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Tensile properties of the transverse carpal ligament and carpal tunnel complex. / Ugbolue, Ukadike C.; Gislason, Magnus K.; Carter, Mark; Fogg, Quentin A.; Riches, Philip E.; Rowe, Philip J.

In: Clinical Biomechanics, 2015.

Research output: Contribution to journalArticle

TY - JOUR

T1 - Tensile properties of the transverse carpal ligament and carpal tunnel complex

AU - Ugbolue, Ukadike C.

AU - Gislason, Magnus K.

AU - Carter, Mark

AU - Fogg, Quentin A.

AU - Riches, Philip E.

AU - Rowe, Philip J.

PY - 2015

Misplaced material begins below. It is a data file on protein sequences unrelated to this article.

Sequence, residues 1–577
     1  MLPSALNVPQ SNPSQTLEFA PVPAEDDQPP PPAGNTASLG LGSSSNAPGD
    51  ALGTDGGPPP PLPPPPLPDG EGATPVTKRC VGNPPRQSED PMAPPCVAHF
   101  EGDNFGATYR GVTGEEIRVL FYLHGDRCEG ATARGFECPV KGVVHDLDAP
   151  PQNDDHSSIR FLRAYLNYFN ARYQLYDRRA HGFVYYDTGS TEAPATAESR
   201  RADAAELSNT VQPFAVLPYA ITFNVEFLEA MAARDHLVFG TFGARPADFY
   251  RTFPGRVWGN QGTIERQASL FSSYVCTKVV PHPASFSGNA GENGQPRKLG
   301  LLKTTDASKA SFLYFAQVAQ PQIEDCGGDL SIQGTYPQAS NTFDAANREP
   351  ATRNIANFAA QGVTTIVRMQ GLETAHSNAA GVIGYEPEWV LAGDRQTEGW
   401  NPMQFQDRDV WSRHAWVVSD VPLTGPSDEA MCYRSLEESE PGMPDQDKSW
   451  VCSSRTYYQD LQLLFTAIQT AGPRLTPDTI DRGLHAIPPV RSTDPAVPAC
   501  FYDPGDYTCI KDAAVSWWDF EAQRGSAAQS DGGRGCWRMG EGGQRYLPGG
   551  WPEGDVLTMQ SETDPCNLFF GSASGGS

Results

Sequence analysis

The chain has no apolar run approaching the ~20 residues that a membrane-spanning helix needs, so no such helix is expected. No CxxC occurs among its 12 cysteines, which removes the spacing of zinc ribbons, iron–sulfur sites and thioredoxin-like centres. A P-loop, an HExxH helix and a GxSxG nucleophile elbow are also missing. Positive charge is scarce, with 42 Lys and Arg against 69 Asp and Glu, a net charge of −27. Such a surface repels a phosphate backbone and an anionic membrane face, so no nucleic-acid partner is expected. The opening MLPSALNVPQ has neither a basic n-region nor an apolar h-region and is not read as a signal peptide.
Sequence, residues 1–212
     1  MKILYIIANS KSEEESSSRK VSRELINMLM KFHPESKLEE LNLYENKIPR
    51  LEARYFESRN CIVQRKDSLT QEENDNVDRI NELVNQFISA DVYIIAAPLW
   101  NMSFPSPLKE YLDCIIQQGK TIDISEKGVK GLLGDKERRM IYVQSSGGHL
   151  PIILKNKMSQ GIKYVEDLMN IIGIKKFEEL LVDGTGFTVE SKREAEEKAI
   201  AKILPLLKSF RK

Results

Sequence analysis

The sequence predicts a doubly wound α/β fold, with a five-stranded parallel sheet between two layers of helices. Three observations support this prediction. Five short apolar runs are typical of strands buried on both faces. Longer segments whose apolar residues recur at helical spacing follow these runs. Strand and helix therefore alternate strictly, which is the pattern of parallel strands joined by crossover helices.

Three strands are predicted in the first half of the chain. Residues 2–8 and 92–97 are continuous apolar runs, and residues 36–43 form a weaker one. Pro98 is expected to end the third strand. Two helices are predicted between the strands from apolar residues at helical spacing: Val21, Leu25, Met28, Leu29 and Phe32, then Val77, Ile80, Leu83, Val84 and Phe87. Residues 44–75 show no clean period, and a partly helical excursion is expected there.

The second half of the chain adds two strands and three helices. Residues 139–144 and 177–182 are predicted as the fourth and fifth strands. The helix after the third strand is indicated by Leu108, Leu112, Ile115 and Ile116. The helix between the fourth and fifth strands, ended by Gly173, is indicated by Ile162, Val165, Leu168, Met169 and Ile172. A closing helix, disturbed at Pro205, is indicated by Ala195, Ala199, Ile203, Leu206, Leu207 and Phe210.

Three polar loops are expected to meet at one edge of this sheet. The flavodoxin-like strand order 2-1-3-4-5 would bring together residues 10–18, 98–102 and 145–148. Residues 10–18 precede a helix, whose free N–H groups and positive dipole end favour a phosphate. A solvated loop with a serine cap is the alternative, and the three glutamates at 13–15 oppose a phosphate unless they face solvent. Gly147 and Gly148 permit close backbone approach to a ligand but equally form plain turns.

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AB - A new sophisticated method that uses video analysis techniques together with a Maillon Rapide Delta to determine the tensile properties of the transverse carpal ligament–carpal tunnel complex has been developed. Six embalmed cadaveric specimens amputated at the mid-forearm and aged (mean (SD)): 82 (6.29) years were tested. The six hands were from three males (four hands) and one female (two hands). Using trigonometry and geometry the elongation and strain of the transverse carpal ligament and carpal arch were calculated. The cross-sectional area of the transverse carpal ligament was determined. Tensile properties of the transverse carpal ligament–carpal tunnel complex and Load–Displacement data were also obtained. Descriptive statistics, one-way ANOVA together with a post-hoc analysis (Tukey) and t-tests were incorporated. A transverse carpal ligament–carpal tunnel complex novel testing method has been developed. The results suggest that there were no significant differences between the original transverse carpal ligament width and transverse carpal ligament at peak elongation (P= 0.108). There were significant differences between the original carpal arch width and carpal arch width at peak elongation (P=0.002). The transverse carpal ligament failed either at the mid-substance or at their bony attachments. At maximum deformation the peak load and maximum transverse carpal ligament displacements ranged from 285.74 N to 1369.66 N and 7.09 mm to 18.55 mm respectively. The transverse carpal ligament cross-sectional area mean (SD) was 27.21 (3.41)mm2. Using this method the results provide useful biomechanical information and data about the tensile properties of the transverse carpal ligament–carpal tunnel complex.